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Is it acceptable for national/international retailers or manufacturers to protest a state's politics if they don't agree with them by refusing to do business in that state, such as with Arizona's "anti-gay" bill?

Is it acceptable for national/international retailers or manufacturers to protest a state's politics if they don't agree with them by refusing to do business in that state, such as with Arizona's "anti-gay" bill?
  • Businesses do what is Best for Their Company

    I personally disagree with this as a social policy, but a company is well within their right to protest in that manner if they so choose. If a business refuses to do business in a state because their policies intrude onto their company's culture then that is their right not to operate their. If an organization has a culture that they simply cannot operate in an region that is "hostile" then they simply won't operate there.

    I personally think it is foolish for them to do that because it is only harming themselves in most cases. Now, if an organization is religiously conservative that may be an exception. In most cases, however, companies that protest that policy seem to have no legitimate reason to be rejecting homosexual rights and doing so, in my opinion, is foolish.

    It is within their rights to protest in that manner and that right shouldn't be changed.

  • Private Companies Have the Right To Do Business Where They Please

    Yes, it is acceptable for a private company to decline to do business in a state if that state has policies with which the business disagrees. To insist otherwise would interfere with the business' right to make its own business decision. A business has the right not to do business where it is unprofitable for them. A state public policy could fall anywhere on a continuum from not affecting the business financially to having a direct effect or an indirect effect. A boycott by customers might make it financially costly for a business to do business in a state that had a specific public policy. The business should have the right not to be forced to absorb that cost.

  • It is a company's choice

    Yes, I agree that if a company does not agree with a states laws then they can chose not to do business in that state. It is ultimately the company's decision on where and when they do business. Granted, they may lose money with these types of tactics, but it a business choice that they have to live with in the long run.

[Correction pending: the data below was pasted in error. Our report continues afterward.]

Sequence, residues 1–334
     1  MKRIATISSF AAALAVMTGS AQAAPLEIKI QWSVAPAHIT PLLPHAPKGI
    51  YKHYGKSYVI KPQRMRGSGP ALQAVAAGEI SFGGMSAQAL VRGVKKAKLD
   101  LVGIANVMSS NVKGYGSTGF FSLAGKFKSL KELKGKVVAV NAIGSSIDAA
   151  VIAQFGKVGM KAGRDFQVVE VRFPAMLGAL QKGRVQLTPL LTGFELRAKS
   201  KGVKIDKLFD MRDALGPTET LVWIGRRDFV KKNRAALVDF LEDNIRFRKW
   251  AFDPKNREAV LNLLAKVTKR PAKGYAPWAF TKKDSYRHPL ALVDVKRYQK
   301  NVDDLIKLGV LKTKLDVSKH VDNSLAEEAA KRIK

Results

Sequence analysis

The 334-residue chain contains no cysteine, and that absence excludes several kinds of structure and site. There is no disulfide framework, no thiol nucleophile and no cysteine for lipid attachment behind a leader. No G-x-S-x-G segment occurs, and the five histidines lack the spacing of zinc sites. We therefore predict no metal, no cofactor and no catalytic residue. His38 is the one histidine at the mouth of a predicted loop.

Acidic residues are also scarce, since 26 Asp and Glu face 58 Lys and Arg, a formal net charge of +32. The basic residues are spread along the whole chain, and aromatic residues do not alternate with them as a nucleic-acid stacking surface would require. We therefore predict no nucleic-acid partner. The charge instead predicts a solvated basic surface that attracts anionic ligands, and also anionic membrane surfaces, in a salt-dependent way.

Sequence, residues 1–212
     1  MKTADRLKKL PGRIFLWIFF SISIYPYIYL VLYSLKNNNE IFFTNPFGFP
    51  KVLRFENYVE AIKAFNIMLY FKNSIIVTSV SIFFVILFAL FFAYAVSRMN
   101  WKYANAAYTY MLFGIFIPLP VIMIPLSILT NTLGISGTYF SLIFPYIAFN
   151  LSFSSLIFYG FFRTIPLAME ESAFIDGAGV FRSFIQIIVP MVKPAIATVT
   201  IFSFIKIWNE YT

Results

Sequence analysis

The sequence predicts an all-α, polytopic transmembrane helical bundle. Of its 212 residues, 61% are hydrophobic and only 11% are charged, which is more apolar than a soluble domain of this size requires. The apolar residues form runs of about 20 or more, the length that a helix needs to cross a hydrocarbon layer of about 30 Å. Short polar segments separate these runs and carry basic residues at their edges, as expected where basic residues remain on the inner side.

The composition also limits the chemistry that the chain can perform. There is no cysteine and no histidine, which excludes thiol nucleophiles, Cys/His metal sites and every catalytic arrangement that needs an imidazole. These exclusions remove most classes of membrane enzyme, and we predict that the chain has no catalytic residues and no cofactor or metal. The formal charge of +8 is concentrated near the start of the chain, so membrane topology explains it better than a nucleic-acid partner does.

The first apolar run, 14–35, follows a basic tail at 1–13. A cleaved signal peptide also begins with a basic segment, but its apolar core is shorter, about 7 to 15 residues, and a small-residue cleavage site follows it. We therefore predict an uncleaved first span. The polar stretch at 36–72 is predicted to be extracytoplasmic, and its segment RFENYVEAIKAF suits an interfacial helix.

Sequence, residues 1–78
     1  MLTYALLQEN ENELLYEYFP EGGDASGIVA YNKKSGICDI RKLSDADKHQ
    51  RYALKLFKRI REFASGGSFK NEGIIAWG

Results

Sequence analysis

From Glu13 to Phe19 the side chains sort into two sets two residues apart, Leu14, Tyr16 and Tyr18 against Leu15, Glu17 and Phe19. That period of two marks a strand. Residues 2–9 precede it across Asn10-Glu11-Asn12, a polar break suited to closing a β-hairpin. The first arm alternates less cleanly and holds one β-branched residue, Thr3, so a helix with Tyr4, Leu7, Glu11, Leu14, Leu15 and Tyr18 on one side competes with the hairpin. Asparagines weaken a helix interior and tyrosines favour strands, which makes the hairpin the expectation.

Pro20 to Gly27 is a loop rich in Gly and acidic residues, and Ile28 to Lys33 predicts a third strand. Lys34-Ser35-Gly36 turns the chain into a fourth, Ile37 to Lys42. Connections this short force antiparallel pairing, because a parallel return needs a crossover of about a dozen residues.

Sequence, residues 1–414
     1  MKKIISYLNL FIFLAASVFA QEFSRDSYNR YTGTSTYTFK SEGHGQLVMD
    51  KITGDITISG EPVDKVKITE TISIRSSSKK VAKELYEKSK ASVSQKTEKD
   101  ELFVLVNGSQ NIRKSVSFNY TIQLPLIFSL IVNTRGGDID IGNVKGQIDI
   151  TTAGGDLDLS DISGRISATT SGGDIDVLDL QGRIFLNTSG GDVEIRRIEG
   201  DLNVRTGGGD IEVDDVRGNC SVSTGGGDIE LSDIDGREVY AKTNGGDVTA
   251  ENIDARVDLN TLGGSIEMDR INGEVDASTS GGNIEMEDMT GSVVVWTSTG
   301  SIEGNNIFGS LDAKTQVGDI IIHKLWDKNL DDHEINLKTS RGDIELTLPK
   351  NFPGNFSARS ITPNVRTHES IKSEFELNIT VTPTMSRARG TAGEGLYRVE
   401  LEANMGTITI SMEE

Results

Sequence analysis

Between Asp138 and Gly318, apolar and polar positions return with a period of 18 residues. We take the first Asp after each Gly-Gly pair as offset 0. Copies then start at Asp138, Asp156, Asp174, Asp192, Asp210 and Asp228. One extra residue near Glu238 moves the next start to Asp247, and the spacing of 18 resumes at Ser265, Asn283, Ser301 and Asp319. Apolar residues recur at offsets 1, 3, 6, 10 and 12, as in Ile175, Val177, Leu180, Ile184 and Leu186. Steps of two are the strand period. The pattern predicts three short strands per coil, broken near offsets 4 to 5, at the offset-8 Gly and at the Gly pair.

• It is acceptable to protest a states politics.

    It is acceptable for international and national retaliers and manufactuerers to protest a states's politics, if it is a policy that they believe will be bad for their company. The recent anti- gay bill in Arizona can negativly effect retailers who support it, so they have every right to stop doing business with the state.

  • Retailers have the right to decide where they do business.

    I think it's absolutely acceptable for any retailer or manufacturer to refuse to do business in a state that has political views that are unacceptable to them. Any company doing business in a state with an anti-gay bill is going to be labeled as supportive of the bill and suffer for it. I think manufacturers and retailers understand that the anti-gay stand is a losing proposition for them.

  • Businesses Not In Control

    Businesses have the right to pursue their business anyway they want, so there's nothing stopping them from refusing to do business in a state where they don't agree with the politics. However, I think it is important for these businesses to realize they are not in control and the government is in place for the people, not them. Not to mention the proposed example was deemed completely unconstitutional anyway.

  • Businesses shouldn't have that kind of power.

    Regardless of intention, a business should not be able to threaten a state's government. I understand that the inability to do so would limit the freedoms of a business, but there are too many negative possibilities. I don't want to give the extremely rich any more influence on the government than they already have. Fortunately, the businesses in Arizona didn't have malicious intent.


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